Now he’s back, plying his trade and creating a grim streetscape on a nearly deserted Fillmore Street that is creeping out the locals. Johnson, who lives in tranquil Petaluma, has quickly become the go-to guy for Fillmore merchants who want their store windows boarded up to stave off potential looters as the coronavirus crisis drags on.

For from $300 to $600, he will tailor 4×8-foot sheets of 3/8-inch plywood to cover up the mostly empty retail shops, restaurants and bars on the boulevard. Already he has protected the glass of 14 Fillmore addresses.

 “Looters are opportunists who look for convenient ways to break in and get out,” says Johnson. “They won’t spend time trying to dismantle a boarded-up facade. They’ll look for glass.”

Johnson is a licensed contractor who usually remodels interiors and does finish carpentry. So, he said, he tries “to provide a very clean appearance” for his clientele “instead of just slapping up boards, nailing them to 2x4s and making it look like a blighted area.” A few businesses have painted the wood a more stylish black or white, and a couple of murals have blossomed, along with the seemingly inevitable graffiti tags. But most are sporting raw plywood.

Johnson’s boarding-up business was spurred when staffers at the HeidiSays boutique passed his name along to others in the Fillmore Merchants Association. “That’s when it really started to snowball,” he says. “I got at least a dozen jobs in two weeks.”

Passersby at first would ask: “Is this store going out of business?” He told them: “No, it’s just an abundance of caution.”

Some residents and merchants see the boarding-up as an overreaction. There have been a few break-ins, as there were before the virus hit.

“It breaks my heart to see the street like this,” says Vas Kiniris, executive director of the merchants association. But many businesses have decided to be safe rather than sorry, and Johnson is still getting calls.

His fee includes removal when the stores reopen, he says.

Keeping us fed, and connected

Photograph of Massimo Lavino at Via Veneto by Daniel Bahmani

STREET TALK | THOMAS REYNOLDS

A great joy of our neighborhood is the number of neighbors you run into walking up and down Fillmore Street. 

Not these days.

Much of the street is boarded up — an overreaction, many feel, but then come reports of another break-in.

One longs for the slightest bit of community and connectedness during the lockdown. A few still brave a walk on our high street, sometimes to pick up a take-out dinner from a familiar face at a favorite restaurant. Via Veneto owner Massimo Lavino is one of those who is keeping the neighborhood fed — and serving up a side of his boisterous good cheer as people wait for their puttanesca and tricolore salad, carefully standing six feet apart.

As I walked up Fillmore yesterday, Massimo hollered out: “Hey — do you know Betty Brassington’s phone number? I can’t find it.” I stopped to be sure he had the spelling right, but he had no phone book — who does anymore? — and couldn’t find the number online.

He wanted to tell her he had some nice ribeye steaks of the kind she and her husband Mike like.

Well, I told him, I’ll stop by on my way home and let her know. Betty and Mike live only a block from Via Veneto. I knocked on their front door, even though it seemed a little naughty in this time of social distancing. Betty came to the door with a bite of dinner already in her mouth. I told her Massimo had steaks he thought she’d want to know about, then walked two more blocks home.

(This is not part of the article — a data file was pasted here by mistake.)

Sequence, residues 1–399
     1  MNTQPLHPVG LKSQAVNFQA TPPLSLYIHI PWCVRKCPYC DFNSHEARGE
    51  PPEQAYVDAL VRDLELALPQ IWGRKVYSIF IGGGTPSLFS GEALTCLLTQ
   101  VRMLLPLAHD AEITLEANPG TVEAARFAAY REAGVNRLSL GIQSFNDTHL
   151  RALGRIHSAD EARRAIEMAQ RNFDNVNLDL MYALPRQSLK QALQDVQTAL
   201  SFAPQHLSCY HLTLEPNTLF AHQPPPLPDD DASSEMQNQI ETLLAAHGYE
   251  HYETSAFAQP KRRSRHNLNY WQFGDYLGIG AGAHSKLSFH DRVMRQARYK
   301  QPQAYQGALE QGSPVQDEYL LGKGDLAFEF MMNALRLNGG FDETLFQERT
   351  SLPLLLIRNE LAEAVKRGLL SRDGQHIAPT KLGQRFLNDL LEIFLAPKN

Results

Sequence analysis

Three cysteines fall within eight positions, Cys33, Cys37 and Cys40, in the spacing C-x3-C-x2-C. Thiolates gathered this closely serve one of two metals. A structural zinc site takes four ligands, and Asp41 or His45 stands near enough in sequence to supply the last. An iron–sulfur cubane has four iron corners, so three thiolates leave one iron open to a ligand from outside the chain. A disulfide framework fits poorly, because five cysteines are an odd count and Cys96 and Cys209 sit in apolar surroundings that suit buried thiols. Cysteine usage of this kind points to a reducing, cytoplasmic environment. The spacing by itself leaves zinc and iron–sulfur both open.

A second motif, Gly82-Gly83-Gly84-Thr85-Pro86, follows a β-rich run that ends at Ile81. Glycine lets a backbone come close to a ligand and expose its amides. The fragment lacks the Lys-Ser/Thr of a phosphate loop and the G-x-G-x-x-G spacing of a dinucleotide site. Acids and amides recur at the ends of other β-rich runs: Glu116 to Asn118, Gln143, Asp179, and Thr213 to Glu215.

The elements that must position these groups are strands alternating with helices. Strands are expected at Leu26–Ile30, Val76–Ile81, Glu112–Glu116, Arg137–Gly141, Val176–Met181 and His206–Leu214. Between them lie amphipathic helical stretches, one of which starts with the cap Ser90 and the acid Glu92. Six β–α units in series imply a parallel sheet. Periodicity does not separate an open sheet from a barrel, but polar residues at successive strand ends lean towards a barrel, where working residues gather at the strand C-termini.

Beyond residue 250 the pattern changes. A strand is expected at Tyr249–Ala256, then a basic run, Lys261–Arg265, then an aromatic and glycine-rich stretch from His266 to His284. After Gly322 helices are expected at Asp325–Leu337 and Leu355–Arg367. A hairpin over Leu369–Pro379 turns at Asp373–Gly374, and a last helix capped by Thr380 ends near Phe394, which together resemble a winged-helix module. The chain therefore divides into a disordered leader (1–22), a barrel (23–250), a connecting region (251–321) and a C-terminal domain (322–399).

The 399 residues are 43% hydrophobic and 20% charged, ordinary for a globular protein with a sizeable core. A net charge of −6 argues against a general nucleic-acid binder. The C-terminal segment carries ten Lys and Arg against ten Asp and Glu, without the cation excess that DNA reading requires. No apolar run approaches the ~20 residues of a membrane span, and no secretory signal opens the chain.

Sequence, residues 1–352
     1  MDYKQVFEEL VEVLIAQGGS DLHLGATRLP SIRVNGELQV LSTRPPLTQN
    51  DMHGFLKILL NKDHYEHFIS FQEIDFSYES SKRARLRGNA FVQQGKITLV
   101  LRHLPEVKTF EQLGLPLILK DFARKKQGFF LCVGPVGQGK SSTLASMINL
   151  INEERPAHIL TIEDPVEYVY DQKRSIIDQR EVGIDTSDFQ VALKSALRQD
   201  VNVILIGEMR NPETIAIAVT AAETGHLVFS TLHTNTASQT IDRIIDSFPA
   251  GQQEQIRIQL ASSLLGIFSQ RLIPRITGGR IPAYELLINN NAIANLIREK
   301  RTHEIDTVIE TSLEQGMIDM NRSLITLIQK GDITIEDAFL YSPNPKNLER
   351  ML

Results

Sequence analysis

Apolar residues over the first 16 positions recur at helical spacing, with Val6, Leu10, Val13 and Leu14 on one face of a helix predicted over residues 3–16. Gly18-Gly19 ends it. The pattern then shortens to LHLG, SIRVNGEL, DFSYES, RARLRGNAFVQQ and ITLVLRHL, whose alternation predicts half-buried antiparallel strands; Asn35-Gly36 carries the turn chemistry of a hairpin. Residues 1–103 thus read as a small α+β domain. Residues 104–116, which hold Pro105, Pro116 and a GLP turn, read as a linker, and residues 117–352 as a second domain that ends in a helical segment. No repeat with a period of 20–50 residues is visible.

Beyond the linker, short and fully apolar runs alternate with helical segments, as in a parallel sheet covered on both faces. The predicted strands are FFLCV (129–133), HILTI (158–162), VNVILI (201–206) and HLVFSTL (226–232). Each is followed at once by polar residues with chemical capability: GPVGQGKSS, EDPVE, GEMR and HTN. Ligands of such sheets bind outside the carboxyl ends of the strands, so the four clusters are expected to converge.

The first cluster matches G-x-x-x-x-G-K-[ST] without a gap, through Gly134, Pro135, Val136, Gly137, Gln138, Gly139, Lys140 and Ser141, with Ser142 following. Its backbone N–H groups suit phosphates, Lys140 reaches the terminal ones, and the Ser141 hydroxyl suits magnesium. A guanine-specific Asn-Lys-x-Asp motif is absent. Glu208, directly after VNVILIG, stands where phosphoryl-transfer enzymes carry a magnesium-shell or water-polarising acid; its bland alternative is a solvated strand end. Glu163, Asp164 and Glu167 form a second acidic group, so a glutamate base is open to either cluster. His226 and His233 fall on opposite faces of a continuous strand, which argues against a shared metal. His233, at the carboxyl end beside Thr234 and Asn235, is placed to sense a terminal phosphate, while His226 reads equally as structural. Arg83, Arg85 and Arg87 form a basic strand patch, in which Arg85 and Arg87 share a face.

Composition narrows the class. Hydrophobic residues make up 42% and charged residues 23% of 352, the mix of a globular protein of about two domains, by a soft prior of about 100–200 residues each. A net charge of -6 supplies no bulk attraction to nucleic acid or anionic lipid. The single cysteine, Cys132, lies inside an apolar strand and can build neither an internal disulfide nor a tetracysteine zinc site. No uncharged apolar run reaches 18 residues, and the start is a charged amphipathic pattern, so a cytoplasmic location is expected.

That was yesterday. Today when I walked up the street in the late afternoon light, Massimo hollered out again. I stopped and walked in. There was Betty, picking up two steak dinners and a bottle of red wine.

EARLIER: “Opening night at Via Veneto

Illustration of Via Veneto by Christopher Wright

Frye first to shut down

Frye’s stylish shop on Fillmore Street opened in 2016.

FRYE BOOTS at 2047 Fillmore Street has become the first neighborhood shop to announce it will close permanently.

“We were told last Friday [March 27] that we will not reopen our beautiful store,” says Frye manager and longtime local Cris Mcquay, who formerly managed Kiehl’s on Fillmore. “We will stay permanently closed going forward. We are closing all 16 Frye retail stores in the U.S.”

She added: “I’m afraid we won’t be the only one — just the first confirmed case.”

Still being neighborly

Andre Matsuda, Dan Max and Audrey Sherlock bring their own.

EVEN SINCE THE stay-at-home order went into effect on St. Patrick’s Day, some locals find it possible to enjoy a few minutes of togetherness at cocktail hour — carefully spaced six feet apart at tables that remain fixed outside The Grove, with beverages brought from home.

Elite’s new name: The Tailor’s Son

The wiring and lettering on the vintage sign were removed on February 28.

THE LAST TRACES of the legendary Elite Cafe — a beacon of hospitality on Fillmore Street for decades — have disappeared. The lettering on the vintage neon sign has now been removed, along with the wooden booths inside.

The Elite’s new name: The Tailor’s Son, in honor of owner Adrianno Paganini ’s father, who was a tailor. The sign is being reworked to announce the new name. During earlier incarnations, the same sign proclaimed the Asia Cafe and the Lincoln Grill.

EARLIER: “Elite no more

A final farewell to the Clay?

Fixtures and furnishings being removed from the Clay Theatre.

DEMOLITION OF THE interior of the 110-year-old Clay Theatre on Fillmore Street began today, with workers hauling out the seats, the projectors and the popcorn machine.

Landmark Theatres, the company that operated the Clay in recent decades, has instructed its staff to leave the building empty by the end of the month.

The theater closed at the end of January, but ongoing discussions between building owner Balgobind Jaiswal and the S.F. Neighborhood Theater Foundation — which had offered to buy or rent the theater — had given supporters hope the Clay might continue as a nonprofit.

Those negotiations have proved unsuccessful and the landlord’s agent, neighborhood resident Pamela Mendelsohn of the Maven real estate firm, has been showing the space to other potential tenants.

EARLIER: “Clay Theatre to close